Washington, D.C., November 8, 2017 – The George H.W. Bush administration understood North Korea might be negotiating in bad faith in the early 1990s, yet concluded that negotiations were the best way to resolve the nuclear crisis on the Korean Peninsula, according to documents posted today by The George Washington University-based National Security Archive.
The documents provide valuable historical context for U.S. policymakers as President Donald J. Trump travels to Asia to engage with allies over the North Korean nuclear threat. Many of the issues being confronted today echo those U.S. strategists faced two decades ago.
For example, one of the questions the Bush I administration debated was the advisability of military force. But even Defense Secretary Dick Cheney rejected the option, telling South Korean and Japanese leaders they should not consider "military measures" since "such discussion could jeopardize our initial diplomatic strategy," according to a high-level internal briefing book.
On the matter of China's motives, American policymakers were candid enough to acknowledge their uncertainty but did conclude that Beijing was unlikely to do anything that might threaten the regime in Pyongyang.
U.S. negotiating strategy included developing “nooses” to tighten around North Korea if it continued to delay, while understanding the importance of preparing the ground for multilateral coercive measures even as talks went ahead.
The documents in today's posting were obtained through the Freedom of Information Act.
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Engaging North Korea: Evidence from the Bush I Administration
By Robert A. Wampler PhD
A quarter-century ago, President George H. W. Bush enacted a signal change in U.S. military policy by withdrawing from the field all U.S. tactical nuclear weapons, including from South Korea. This bold initiative set the stage for a challenging diplomatic push with South Korea and other allies to press North Korea to accept an agreement that would create a Korean peninsula free of nuclear weapons. In documents posted today, the nongovernmental National Security Archive seeks to shed new light on this important diplomatic initiative.
Among the important points made in the documents:
- Secretary of Defense Richard Cheney told South Korean and Japanese leaders that the U.S. should not consider “military measures” against North Korea as such discussion could jeopardize the current diplomatic strategy aimed at a denuclearized Korean peninsula. [Document 7-C-2]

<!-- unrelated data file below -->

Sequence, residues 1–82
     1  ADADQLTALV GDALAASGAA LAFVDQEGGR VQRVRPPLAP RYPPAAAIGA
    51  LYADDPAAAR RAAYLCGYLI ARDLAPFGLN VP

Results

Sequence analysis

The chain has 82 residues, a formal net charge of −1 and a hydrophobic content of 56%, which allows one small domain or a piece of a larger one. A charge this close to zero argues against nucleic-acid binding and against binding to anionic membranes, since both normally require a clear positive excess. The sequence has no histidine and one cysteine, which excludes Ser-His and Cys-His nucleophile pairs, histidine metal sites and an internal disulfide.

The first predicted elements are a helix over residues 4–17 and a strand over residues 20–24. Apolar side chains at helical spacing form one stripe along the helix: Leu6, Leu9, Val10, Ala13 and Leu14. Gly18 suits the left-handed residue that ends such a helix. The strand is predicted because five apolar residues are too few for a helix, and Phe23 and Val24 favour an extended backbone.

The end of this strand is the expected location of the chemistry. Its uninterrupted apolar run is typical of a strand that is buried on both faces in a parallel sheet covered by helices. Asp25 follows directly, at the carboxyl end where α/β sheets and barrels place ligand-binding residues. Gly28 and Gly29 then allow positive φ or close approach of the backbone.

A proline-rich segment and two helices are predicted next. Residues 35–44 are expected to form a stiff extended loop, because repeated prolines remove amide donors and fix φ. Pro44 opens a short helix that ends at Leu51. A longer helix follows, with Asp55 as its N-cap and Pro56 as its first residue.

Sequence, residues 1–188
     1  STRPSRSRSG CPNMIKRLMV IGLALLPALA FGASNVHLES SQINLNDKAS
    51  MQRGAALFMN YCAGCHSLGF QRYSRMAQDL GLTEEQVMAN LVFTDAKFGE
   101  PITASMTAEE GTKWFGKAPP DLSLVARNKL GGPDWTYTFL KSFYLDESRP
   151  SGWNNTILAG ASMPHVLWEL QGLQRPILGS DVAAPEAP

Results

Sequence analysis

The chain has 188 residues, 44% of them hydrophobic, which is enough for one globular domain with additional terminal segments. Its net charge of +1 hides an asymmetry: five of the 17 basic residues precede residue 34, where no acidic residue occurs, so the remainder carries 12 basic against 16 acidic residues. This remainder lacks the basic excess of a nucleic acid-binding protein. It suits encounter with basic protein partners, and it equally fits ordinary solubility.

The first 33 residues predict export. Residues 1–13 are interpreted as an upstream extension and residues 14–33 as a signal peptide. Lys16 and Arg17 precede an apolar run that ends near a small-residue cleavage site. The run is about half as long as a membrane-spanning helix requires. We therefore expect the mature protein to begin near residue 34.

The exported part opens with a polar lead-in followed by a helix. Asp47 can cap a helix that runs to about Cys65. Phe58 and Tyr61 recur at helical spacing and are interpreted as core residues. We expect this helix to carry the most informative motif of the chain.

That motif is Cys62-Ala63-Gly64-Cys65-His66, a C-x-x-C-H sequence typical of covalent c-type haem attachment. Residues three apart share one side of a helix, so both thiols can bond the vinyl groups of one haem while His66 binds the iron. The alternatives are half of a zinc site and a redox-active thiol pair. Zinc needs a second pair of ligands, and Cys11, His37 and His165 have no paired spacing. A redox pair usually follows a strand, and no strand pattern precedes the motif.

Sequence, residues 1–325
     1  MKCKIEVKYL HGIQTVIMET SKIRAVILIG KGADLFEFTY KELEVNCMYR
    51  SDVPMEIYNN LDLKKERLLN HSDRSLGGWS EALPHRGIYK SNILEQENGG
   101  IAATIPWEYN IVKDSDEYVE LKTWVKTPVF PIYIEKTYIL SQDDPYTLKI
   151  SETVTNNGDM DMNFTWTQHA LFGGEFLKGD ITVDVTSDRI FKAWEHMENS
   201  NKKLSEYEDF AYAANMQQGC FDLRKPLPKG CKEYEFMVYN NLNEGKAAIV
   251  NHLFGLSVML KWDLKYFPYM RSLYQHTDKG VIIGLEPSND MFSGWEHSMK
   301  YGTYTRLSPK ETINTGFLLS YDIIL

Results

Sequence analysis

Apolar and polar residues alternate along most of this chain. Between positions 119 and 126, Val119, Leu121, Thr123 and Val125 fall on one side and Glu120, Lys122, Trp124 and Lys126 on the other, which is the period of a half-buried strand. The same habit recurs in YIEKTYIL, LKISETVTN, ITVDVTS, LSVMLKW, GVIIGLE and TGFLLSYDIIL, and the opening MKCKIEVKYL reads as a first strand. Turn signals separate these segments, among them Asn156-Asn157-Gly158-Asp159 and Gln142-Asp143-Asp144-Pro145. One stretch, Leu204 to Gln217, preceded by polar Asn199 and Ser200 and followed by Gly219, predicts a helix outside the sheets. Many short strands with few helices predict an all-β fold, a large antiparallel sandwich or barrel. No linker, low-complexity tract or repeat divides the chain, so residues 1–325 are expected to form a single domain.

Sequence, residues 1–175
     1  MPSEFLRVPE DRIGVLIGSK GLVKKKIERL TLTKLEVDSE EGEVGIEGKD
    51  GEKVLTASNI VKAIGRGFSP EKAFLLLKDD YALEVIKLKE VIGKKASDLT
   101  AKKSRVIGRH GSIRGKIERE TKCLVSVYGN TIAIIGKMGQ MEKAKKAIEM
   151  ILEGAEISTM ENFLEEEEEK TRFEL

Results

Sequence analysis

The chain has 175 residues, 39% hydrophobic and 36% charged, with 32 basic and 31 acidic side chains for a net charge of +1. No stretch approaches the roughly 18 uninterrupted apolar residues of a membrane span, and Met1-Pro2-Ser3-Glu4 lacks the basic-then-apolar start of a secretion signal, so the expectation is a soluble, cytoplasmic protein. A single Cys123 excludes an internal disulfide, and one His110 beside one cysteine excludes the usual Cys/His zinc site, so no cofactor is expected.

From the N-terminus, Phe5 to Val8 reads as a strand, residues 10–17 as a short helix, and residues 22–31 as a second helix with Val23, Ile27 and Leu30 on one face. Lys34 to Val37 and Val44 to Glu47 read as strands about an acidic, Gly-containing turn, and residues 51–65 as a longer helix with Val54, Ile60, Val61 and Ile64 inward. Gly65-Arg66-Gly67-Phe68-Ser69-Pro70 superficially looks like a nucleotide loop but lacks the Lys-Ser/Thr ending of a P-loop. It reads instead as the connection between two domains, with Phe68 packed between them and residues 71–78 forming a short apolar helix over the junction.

- Washington had to pursue a delicate balancing act with Seoul to align political, diplomatic, and security interests in the talks with North Korea, with both sides at times worried about the right combination of carrots and sticks to use with Pyongyang. [Documents 2, 4, 5, 6]
- South Korea felt that growing economic problems in North Korea provided an opportunity to “continue to tighten the screws” on Pyongyang to open up its regime and move forward on bilateral agreements that could address the nuclear issue [Document 5].
- The Pentagon was concerned in late 1991 that the “gameplan” proposed by the State Department for initiating high-level talks with North Korea on the nuclear issue was too “forward-leaning” in holding up the prospect of normalized relations between the U.S. and the DPRK. [Document 7-C]
- The role that Beijing could play in pressing North Korea is a frequent refrain, but tempered by the fact that the U.S. was not “absolutely certain of PRC motives … and it is unlikely they would be prepared to take any measures they perceived as putting the survival of the Pyongyang regime in question.” [Documents 2, 7-C-2, 9]
- A constant refrain is the sober appreciation that North Korea may be negotiating in bad faith, and that the grounds for international and unilateral coercive steps to pressure North Korea must be laid even as the U.S. and South Korea pushed forward with the nuclear talks. As concern grew in early 1992 that North Korea might be stalling on ratification of its IAEA safeguards agreement, a Deputies’ Committee meeting in February took up the question of the “nooses” available to tighten around the North Koreans if they continued to stall. [Document 7, 8, 9, 10 and 11]